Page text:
If the Trump administration is able to open the Arctic and other offshore waters for exploration and production, reign in the Environmental Protection Agency, refuse to ratify the Paris climate accord, end federal carbon taxes and block some 1 million bbls. per day of Saudi oil imports, it could have a positive effect on the U.S. offshore energy market.

If these initiatives work, is the workboat industry prepared for a rebound after a prolonged downturn that has seen scores of OSVs coldstacked and the exodus of thousands of skilled workers? A large part of the answer lies in a Dec. 8 presentation at the Capital One Securities 11th Annual Energy Conference in New Orleans by Joseph M. Bennett of Tidewater.

In his presentation, Bennett, Tidewater's executive vice president and chief investor relations officer, spelled out the preparations made, and the mindset employed, by the New Orleans-based offshore service vessel operator to be able to quickly respond to an uptick in the market. The preparations made by Tidewater appear to be common sense but that doesn’t make them easy.

First, as it should be, is maintaining Tidewater's focus and commitment to safety. So far, Tidewater’s TRIR (total recordable injury rate) in fiscal 2017 is better than their last five years’ average rate, with no LTIs (lost time injuries) in the last 21 months.

Second is the company's fairly new fleet (150 active vessels at the end of September with an average age of 7.7 years) with vessels to service all water depths. The company also said its "new vessel" count is 249. Tidewater defines new vessels as vessels built or acquired since 2000.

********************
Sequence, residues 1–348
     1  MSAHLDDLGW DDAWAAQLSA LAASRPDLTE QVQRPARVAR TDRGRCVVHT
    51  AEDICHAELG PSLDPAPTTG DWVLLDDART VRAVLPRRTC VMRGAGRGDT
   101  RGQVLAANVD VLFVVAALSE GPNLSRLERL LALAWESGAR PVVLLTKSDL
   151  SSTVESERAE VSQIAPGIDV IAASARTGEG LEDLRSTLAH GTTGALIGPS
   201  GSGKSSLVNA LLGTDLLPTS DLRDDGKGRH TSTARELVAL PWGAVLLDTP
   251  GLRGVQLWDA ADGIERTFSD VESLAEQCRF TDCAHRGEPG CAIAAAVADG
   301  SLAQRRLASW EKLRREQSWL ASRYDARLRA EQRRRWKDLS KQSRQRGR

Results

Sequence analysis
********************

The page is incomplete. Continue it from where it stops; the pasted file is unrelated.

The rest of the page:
Third is geographic diversity, with vessel operations spread around the globe.

Fourth is a commitment to “stay close” to its customers, a solid base of international and national oil companies.

Fifth is prompt, proactive cost cutting initiatives (“control what we can control,” Tidewater said) from the June 2014 quarter to the September 2016 quarter have reduced headcount by approximately 3,000, reduced vessel operating expenses by approximately 60%, and reduced G&A (general and administrative) costs by about 36%.

Sixth is the reduction of capital expenditures. Tidewater has reduced its vessel construction commitments by 10 vessels over the past 18 months. The remaining net capital expenditures as of Sept. 30, 2016, with no options exercised, is approximately $34 million over the next three quarters.

Seventh is the maintenance of liquidity to deal with industry uncertainties through continued discussions with banks. Tidewater suspended its dividend and stock buyback programs in January 2016.

Through these seven factors, Tidewater has managed to keep reasonable vessel operating margins (vessel revenue less vessel operating expense) during the downturn, with average day rates for the Americas region (which includes the U.S. Gulf) ranging from $21,000 to $24,000 during the period. Day rate ranges for the Asia/Pacific, Middle East and Africa/Europe all ranged lower than the Americas.

This is not rocket science, and Tidewater is certainly not the only one employing these strategies, but the company does appear like it is providing a solid base in order to respond to an improving market.